Capt. Maria Kristina ‘Che’ Javellana has come a long way from the slums of Silay City to a place she can call her own in Cavite.
Water always played a big role in Capt. Maria Kristina ‘Che’ Javellana’s life. She grew up in a slum area in Silay City, Negros Occidental, which went underwater whenever a typhoon struck.
The family had to rescue the pigs and chicken they raised and hurriedly take them to the rooftop.
Even back then, the future captain saw opportunity in adversity.
She and her friends treated their flooded home as a swimming pool where they spent happy days frolicking and trading stories and jokes.
Little did she know that playing in that make-believe pool will teach her to look at the bright side when things go wrong.
She didn’t know that climbing their home’s rooftop amidst heavy rain will teach her grit.
Little did she know that playing with fellow squatters’ children – some of whom were drug addicts and petty thieves – will teach her to get along with anyone, even wayward ones.
Fortunately, her young misguided friends didn’t force Javellana to be one of them. They were happy just playing all sorts of games with her.
Most of these friends were boys whom she played baril-barilan with using found items like bamboo and old newspapers, out there in the wide open playground that is the streets.
Again, little did Javellana know that a happy childhood spent playing games in the streets prepared her to get along with anyone she meets on board. She grew up feeling comfortable in groups and blending with the crowd.
Mingling with boys and playing games with them made it easy for her to feel comfortable in a ship where males outnumber females.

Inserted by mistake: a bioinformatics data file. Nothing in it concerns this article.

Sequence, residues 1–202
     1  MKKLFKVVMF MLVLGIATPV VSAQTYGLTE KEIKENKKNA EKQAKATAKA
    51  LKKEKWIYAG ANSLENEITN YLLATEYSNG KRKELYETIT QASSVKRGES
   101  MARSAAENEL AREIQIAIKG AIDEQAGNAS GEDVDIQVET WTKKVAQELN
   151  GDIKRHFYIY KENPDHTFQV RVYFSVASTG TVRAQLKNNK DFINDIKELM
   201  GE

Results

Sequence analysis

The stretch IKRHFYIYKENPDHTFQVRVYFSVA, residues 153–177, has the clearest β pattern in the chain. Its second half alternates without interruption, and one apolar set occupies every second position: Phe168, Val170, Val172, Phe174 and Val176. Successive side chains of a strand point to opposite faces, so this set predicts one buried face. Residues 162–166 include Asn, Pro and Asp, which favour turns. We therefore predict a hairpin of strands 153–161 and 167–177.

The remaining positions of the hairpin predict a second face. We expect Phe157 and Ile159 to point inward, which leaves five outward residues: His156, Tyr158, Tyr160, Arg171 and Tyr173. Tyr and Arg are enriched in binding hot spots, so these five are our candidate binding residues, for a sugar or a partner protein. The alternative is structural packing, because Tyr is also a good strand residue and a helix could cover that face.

“I don’t wear stilettos. I must come in men’s shoes,” she smiles.
This knack for getting along allowed her to oversee sea personnel, recruitment and training programs with the confidence of someone who loves interacting with all kinds of people.
Meanwhile, frequenting her neighbor’s homes to chat or share a meal made Javellana wise beyond her years. Javellana – the product of a broken home – found solace and guidance in her neighbors’ words of wisdom.
They encouraged her to pursue her dreams. And their colorful stories taught Javellana to smile even if she, like them, live in the not-so-comfortable part of town.
When she reached college age, it was time to bid her childhood home a temporary good-bye. Javellana studied at Maritime Academy of Asia and the Pacific (MAAP) in Bataan from 2001 to 2005.
It was here where she developed the patience and the discipline of waiting to get what she wants. She learned to wait until the next vacation – like Christmas break – to reunite with her family.
Instead of whining, Javellana did the next best thing. She grabbed the chance to form a new, bigger family on board.
“It was such a great opportunity that I became a Kamaya Pointer (MAAP is located in Kamaya Point, Bgy. Alas-asin, Mariveles, Bataan). I had brothers and sisters while we are studying. The bond and camaraderie are way beyond that of friends,” she recalls.
Today, the 33-year-old master mariner treats each challenge, not as a burden, but a temporary bump on the road. She gladly took on the role of family breadwinner – sending her siblings and a niece to school – because a seafarer’s salary allows her to save.
Thanks to her, the family left the slums of Silay long ago and now live in a house they call their own in Imus, Cavite.
After all, family is everything to her.
“They’re my source of strength. When all else fails, – family will always be there,” Javellana explains.
For them, she can look fear in the eye and treat it as “something you inflict on your mind to make you insecure and less confident.”
Javellana can’t ask for more.
She’s blessed with a happy family. Her career allows her to provide for her loved ones. But it’s not all pesos and centavos.
Fulfillment is just as important. And for her, it comes “whenever you finish your contract safely.”
She’s happy when people and cargo entrusted under her care reach their destination in the best shape possible.
The journey may be tough, especially when Javellana signed on the dotted line as a Master for the first time. But she took the challenges as a learning experience, the way she did as a little girl who turned the flooded area around her home into a ‘swimming pool’ that spelled hours of fun for her and her playmates.
This never-say-die spirit is the stuff captains like her are made of – With Aido Sepeda.